BAE jobs fears in Woodford after Nimrod axed

The Nimrod MR2 has been taken out of service Two Nimrods were built and will not enter service

BAE systems workers have been "angered and devastated" by the decision to axe the new Nimrod, the Unite union has said.

More than 1,000 people are working to build the MRA4 surveillance aircraft at BAE in Woodford, Stockport - its final contract before closing in 2012.

The prime minister announced on Tuesday the Nimrod order was being cancelled.

Staff now fear the site could close 18 months ahead of schedule. BAE said this was premature speculation.

David Cameron told the Commons the replacement Nimrod MRA4 reconnaissance planes project had cost more than £3bn and was more than eight years late.

Start Quote

There's not much opportunity at any other BAE sites, so I think we're going to end up as supermarket checkout people”

End Quote John Fussey Unite Union

The contract was signed in 1996 for a total of 21 planes. This number was reduced to 12 and then later, nine. Two aircraft have actually been built and these will not be put into service.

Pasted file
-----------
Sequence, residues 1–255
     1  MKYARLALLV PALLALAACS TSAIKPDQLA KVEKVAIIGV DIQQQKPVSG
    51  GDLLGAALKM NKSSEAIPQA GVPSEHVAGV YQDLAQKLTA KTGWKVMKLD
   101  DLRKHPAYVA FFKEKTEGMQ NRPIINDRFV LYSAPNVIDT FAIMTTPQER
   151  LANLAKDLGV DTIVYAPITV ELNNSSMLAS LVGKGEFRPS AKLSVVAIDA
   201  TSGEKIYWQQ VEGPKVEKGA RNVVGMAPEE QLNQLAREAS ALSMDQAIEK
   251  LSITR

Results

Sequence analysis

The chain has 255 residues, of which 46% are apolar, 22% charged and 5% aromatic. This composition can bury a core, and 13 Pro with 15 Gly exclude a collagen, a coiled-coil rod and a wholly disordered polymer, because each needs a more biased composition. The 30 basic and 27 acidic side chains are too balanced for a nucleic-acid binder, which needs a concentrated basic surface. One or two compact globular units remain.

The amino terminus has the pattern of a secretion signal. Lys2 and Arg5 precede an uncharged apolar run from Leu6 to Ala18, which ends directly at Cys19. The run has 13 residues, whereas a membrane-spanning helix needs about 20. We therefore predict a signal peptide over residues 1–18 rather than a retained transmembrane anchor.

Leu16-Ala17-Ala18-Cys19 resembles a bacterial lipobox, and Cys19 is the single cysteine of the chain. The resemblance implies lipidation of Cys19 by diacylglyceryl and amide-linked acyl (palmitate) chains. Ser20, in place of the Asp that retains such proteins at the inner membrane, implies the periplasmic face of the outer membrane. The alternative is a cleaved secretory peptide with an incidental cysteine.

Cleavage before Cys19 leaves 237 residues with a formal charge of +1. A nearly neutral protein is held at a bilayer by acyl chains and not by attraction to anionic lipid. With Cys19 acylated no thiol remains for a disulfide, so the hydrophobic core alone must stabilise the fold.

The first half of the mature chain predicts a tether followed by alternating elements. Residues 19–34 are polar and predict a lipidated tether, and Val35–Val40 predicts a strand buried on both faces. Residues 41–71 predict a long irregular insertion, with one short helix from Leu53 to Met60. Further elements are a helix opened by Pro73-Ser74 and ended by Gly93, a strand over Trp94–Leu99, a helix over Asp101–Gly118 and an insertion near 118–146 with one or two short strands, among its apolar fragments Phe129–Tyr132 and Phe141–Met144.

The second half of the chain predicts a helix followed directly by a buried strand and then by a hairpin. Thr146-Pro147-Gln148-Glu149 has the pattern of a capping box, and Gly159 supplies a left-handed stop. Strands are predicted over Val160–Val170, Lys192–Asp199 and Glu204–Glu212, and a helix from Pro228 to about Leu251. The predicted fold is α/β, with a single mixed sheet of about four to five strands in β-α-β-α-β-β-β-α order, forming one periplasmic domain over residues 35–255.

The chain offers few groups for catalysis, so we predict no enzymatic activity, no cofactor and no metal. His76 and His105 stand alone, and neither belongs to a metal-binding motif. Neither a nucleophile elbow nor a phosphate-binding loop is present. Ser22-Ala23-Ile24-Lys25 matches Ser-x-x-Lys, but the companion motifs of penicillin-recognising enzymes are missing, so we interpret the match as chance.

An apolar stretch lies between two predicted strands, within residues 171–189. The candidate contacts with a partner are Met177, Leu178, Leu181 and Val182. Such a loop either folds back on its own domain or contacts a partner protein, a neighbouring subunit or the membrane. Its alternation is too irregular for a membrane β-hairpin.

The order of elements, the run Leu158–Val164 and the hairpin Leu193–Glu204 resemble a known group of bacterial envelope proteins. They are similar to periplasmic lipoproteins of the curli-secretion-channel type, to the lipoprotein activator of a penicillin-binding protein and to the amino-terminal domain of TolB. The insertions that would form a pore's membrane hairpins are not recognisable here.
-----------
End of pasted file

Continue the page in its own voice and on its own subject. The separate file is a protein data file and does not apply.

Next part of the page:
BAE systems employs 500 staff at its Woodford site and a further 500 contractors. More than 300 people are also employed in Chadderton, Oldham, working on service support.

But the announcement has left staff fearing for their immediate future, according to John Fussey, of the Unite Union.

"I'm absolutely devastated and I'm totally angry with this decision really," he said.

"There's not much opportunity at any other BAE sites, so I think we're going to end up as supermarket checkout people."

Closure 'speculation'

Cheadle MP Mark Hunter has already said it would be "daft" to bring forward the closure of Woodford because most of the money has already been spent.

Asked whether the plant might not close, Mr Fussey said: "We don't know yet. We've got to discuss with the company what happens.

"I've got to hope that BAE Systems actually see the assets on the table and see what the aircraft is capable to do. If they do realise its assets and potential and realise its saleable value with a bit of luck, you never know."

A BAE Systems spokesman told the BBC any speculation about what might happen was just that - speculation.

The defence giant said it would study the details of the review - as well as the upcoming Comprehensive Spending Review - and make a further statement on Thursday.

"Today's announcement gives us the basis on which to adapt our plans," a spokesman said.

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